There were stories about stolen cars, stolen property, assault and death.
In a town-hall meeting Wednesday evening at the Mendenhall Valley Public Library, Republican gubernatorial candidate Mike Dunleavy listened to the complaints and fears of more than a dozen Juneau residents, then explained that issues like these are why public safety is his No. 1 issue in the fall general election.
”I think the story that’s being told across Alaska right now … is a story of lawlessness,” Dunleavy said. “I think the message should be received by all politicians both locally and statewide that the folks have had it.”
The event was organized by Tom Boutin, one of the key figures in Dunleavy’s Juneau campaign.
“We want Juneau people who experience crime to let him know what crime looks like down here in Juneau,” Boutin said.
According to statistics from the annual Uniform Crime Report, Juneau has more reported crimes than at any point in its history: 2,813 in the seven categories covered by the UCR last year.
Even adjusted for population, Juneau’s crime rate is high. In 2017, there was one UCR crime for every 11.47 people in Juneau. In 2010, it was one crime for 11.66 people. In 2007, it was one per 14.68 people. In 1987, it was one for every 18.6 people. In 1977, it was one per 18.94.
Some of that increase is likely due to better record-keeping and reporting standards, but even in that event, residents say they are seeing crime affect their lives more widely and in deeper ways than before.
“Juneau has changed a lot … even just in the last five years,” Boutin said.
Wade Bryson, candidate for Juneau Assembly District 2, explained his frustration when police were unable to immediately arrest two people who he says stole a safe from one of his Subway restaurant.
Kathy Hosford of Dyea talked about her frustration when two of her vehicles were stolen.
Others offered stories and suggestions. Juneau firefighter Roy Johnston explained what happened when his firefighting gear was stolen from his truck in 2015. Since then, he’s been the target of five other burglaries.
He urged more funding for public safety at the state level.
“The state crime lab for years has taken hits to the point that they don’t have the funding that they should … to handle the volume of the crime that they have,” he said.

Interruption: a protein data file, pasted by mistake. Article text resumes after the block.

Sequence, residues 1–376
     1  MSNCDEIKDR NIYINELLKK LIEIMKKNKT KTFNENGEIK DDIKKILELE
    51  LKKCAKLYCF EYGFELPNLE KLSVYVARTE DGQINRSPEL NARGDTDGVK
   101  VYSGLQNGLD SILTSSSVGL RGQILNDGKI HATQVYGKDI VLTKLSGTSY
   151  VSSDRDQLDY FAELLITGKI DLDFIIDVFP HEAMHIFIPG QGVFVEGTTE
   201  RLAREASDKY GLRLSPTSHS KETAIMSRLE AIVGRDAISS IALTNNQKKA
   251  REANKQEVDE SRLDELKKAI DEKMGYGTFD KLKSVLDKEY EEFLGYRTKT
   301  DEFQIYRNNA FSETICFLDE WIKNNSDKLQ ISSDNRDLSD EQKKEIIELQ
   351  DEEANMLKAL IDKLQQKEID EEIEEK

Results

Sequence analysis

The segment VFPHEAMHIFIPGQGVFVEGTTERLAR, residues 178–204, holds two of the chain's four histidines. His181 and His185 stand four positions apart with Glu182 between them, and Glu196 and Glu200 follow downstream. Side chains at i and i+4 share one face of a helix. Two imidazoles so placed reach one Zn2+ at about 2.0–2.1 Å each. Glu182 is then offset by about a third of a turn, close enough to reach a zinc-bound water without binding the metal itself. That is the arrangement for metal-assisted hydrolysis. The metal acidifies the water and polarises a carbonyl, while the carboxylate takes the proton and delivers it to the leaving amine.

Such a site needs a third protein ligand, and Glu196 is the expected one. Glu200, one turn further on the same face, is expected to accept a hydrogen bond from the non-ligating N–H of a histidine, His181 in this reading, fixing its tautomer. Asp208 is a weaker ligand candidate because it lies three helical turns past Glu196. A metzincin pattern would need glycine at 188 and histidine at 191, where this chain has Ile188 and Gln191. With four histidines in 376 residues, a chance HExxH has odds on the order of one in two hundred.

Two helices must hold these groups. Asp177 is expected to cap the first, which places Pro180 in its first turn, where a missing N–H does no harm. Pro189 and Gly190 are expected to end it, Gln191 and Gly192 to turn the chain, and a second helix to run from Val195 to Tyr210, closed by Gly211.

“There’s not enough (district attorneys) to handle the load,” he added.
One of the most compelling stories came from a grandmother who was assaulted inside Juneau’s Dimond Courthouse by her mentally ill grandson during a court hearing.
Alaska desperately needs options for mental health treatment, she said, not just prison time.
Lesley Thompson of Douglas agreed, saying public condemnation and criminal punishment isn’t enough.
“How do you shame someone who’s got a mental illness that can’t get the proper medication or they’re using meth because of their childhood?” she asked.
Don Etheridge, candidate for Senate District Q, said his 10-week-old grandson was smothered to death, and he wanted the child’s mother investigated for being under the influence of alcohol. That didn’t happen, he said.
“The police department, they’re undermanned, they’re understaffed, they don’t have the resources to do what they need to do,” he said.
Forty-three people were in the audience when the event began, and a handful of others arrived after it started; others stopped to listen for a time as they walked in and out of the library’s foyer.
Dunleavy listened to the stories with a notepad in hand, then stood up to talk at the end of the event.
“The long story short is, for the first time that I’ve been in the state of Alaska … the culture of law-abiding citizens has changed as a result of the lawlessness of others,” he said.
“In some parts of Alaska right now, it’s almost third-world. It’s like a ‘stan’ from central Asia.”
His intention is to reverse the Friday afternoon closure of state courthouses, “shift resources into hiring troopers,” and increase criminal penalties for various crimes.
“I’ll have to go to the Legislature and increase, of course, penalties for drug-dealing,” he said.
In response to a question from the audience asking for more specifics, he said Alaska needs “to have the correct number of troopers” and “have the right number of prosecuting attorneys.”
“Yes, it will cost money. It’s my intention that we have to look in the administration … and cost-shift into those things,” he said.
• Contact reporter James Brooks at email@example.com or 523-2258.